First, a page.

for reimbursement of the disability benefits it paid to Mr.
Yost. Doc. 26 ¶ 24. As a result, Mr. Yost's lawyer
"has been forced to refuse to distribute to Mr. Yost the
money in dispute" due to his ethical obligations,
leaving Mr. Yost "subject to suit and loss of benefits
based on the dispute over the  funds." Id.
Standard of Review
complaint must be dismissed under Federal Rule of Civil
Procedure 12(b)(6) if it does not allege "enough facts
to state a claim to relief that is plausible on its
face." Bell Atl. Corp. v. Twombly, 550 U.S.
544, 570, 127 S.Ct. 1955, 1974, 167 L.Ed.2d 929 (2007).
"A claim has facial plausibility when the plaintiff
pleads factual content that allows the court to draw the
reasonable inference that the defendant is liable for the
misconduct alleged." Ashcroft v. Iqbal, 556
U.S. 662, 678, 129 S.Ct. 1937, 1949, 173 L.Ed.2d 868 (2009).
a complaint attacked by a Rule 12(b)(6) motion to dismiss
does not need detailed factual allegations, a plaintiff's
obligation to provide the 'grounds' of his
'entitlement to relief requires more than labels and
conclusions, and a formulaic recitation of a cause of
action's elements will not do." Twombly,
550 U.S. at 555 (internal citations and alterations omitted).
"[T]he presumption of truth attaches only to those
allegations for which there is sufficient 'factual
matter" to render them 'plausible on [their]
face'...Conclusory assertions of fact and legal
conclusions are not entitled to the same presumption."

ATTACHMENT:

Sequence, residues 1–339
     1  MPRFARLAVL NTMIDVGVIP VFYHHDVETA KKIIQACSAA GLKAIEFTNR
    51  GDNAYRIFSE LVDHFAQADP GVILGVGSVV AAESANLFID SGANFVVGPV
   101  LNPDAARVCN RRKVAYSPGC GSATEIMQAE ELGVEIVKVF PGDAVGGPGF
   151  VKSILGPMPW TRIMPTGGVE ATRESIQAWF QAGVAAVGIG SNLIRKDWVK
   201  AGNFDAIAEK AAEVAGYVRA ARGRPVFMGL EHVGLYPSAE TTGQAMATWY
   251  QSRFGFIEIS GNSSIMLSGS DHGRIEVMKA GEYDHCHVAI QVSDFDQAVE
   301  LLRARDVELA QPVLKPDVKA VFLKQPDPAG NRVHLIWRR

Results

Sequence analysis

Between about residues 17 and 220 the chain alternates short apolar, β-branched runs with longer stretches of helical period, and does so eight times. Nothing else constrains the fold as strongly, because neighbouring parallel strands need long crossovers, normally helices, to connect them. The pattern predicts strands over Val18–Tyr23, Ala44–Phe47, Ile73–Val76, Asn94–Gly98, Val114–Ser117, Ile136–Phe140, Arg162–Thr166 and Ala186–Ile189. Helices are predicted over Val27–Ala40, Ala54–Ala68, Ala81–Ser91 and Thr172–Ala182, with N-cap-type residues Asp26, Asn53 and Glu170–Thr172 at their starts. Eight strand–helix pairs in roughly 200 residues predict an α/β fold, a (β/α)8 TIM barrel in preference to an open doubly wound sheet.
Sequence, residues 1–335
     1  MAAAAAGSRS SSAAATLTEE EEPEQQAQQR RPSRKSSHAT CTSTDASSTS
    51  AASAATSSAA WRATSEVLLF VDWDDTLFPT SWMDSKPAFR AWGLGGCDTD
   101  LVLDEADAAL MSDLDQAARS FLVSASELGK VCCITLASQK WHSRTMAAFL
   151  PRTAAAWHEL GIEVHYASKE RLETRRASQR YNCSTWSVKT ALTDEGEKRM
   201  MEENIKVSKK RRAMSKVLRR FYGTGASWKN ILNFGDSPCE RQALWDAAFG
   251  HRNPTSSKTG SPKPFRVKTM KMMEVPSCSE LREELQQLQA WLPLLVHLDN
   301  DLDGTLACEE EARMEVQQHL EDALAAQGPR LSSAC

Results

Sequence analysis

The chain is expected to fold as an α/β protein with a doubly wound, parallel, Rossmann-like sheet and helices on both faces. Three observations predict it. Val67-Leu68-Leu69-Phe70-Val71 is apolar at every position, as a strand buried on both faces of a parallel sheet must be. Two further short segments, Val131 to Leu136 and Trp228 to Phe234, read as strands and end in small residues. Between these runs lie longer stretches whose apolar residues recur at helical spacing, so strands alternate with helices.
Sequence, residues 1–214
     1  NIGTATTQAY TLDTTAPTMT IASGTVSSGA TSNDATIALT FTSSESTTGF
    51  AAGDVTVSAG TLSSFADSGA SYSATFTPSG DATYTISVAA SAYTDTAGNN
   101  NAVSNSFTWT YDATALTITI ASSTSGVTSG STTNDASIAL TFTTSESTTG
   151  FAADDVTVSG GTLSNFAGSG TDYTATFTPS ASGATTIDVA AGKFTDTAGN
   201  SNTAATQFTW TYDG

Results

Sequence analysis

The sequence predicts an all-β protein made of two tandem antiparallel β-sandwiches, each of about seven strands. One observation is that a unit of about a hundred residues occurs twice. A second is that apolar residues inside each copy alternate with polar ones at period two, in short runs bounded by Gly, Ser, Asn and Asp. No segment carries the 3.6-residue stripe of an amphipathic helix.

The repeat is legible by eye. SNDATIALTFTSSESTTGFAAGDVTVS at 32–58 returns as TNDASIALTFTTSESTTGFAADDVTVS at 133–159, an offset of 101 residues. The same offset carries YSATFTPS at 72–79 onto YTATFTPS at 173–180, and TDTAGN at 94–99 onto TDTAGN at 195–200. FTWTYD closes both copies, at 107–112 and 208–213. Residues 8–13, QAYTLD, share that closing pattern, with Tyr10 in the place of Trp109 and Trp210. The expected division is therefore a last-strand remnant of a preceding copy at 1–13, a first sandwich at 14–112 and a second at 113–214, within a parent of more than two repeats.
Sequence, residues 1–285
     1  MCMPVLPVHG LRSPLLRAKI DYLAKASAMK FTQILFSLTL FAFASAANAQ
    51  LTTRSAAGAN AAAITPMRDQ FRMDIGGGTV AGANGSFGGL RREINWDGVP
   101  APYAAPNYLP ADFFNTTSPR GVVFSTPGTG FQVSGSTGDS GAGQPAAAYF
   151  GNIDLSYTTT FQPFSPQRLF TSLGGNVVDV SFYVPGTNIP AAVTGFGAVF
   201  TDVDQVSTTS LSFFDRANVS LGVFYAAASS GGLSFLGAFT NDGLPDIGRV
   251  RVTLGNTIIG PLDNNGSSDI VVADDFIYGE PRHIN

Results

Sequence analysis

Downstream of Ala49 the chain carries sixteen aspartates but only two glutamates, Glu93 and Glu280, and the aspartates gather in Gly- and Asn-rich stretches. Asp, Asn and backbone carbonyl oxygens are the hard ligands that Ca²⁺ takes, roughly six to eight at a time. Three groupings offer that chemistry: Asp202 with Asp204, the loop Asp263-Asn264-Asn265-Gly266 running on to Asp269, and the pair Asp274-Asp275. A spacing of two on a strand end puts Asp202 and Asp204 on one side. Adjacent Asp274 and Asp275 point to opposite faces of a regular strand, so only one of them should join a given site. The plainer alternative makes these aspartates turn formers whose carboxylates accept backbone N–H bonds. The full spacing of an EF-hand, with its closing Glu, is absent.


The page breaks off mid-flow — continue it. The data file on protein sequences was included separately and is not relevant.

Schuchardt v. President of the United States, 839
F.3d 336, 347 (3d Cir. 2016) (citing Iqbal, 556 U.S.
at 679, 129 S.Ct. 1937).
the plausibility standard 'does not impose a probability
requirement, ' it does require a pleading to show
'more than a sheer possibility that a defendant has acted
unlawfully.'" Connelly v. Lane Const.
Corp., 809 F.3d 780, 786 (3d Cir. 2016) (citing
Twombly, 550 U.S. at 556, 127 S.Ct. 1955 and
Iqbal, 556 U.S. at 678, 129 S.Ct. 1937). "The
plausibility determination is 'a context-specific task
that requires the reviewing court to draw on its judicial
experience and common sense.'" Id. at
786-87 (citing Iqbal, 556 U.S. 679, 129 S.Ct. 1937).
and III: ERISA Preemption
ERISA preemption issue has been fully litigated and resolved
in the previous motion to dismiss in Mr. Yost's favor.
Yost, 2016 WL 4151214, at *4. For the sake of
brevity, the Court offers a simple summary of its previous
opinion. Anthem argued-and continues to argue-that ERISA
preempts § 1720 of the MVFRL because "it
'relates to' employer-benefit plans and is not saved
from preemption by ERISA's 'saving clause.'"
Doc. 31 at 1. The parties do not dispute that the Plan is
subject to the provisions of ERISA because it was a
"welfare benefit plan." Nor do they dispute that
ERISA may "preempt" any state laws that
"relate to" ERISA plans. However, a state law may
be "saved" from preemption if it is
"specifically directed toward the insurance
industry." Yost, 2016 WL 4151214, at*3 (citing
Kentucky Ass'n of Health Plans, Inc.v. Miller,
538 U.S. 329, 334, 123 S.Ct. 1471, 155 L.Ed.2d 468 (2003)).
And it is on the issue of the savings clause that the parties
continue to disagree.
stated in the Court's first opinion, the Supreme Court
has already instructed that "[t]here is no dispute that
the [Section 1720] falls within ERISA's insurance savings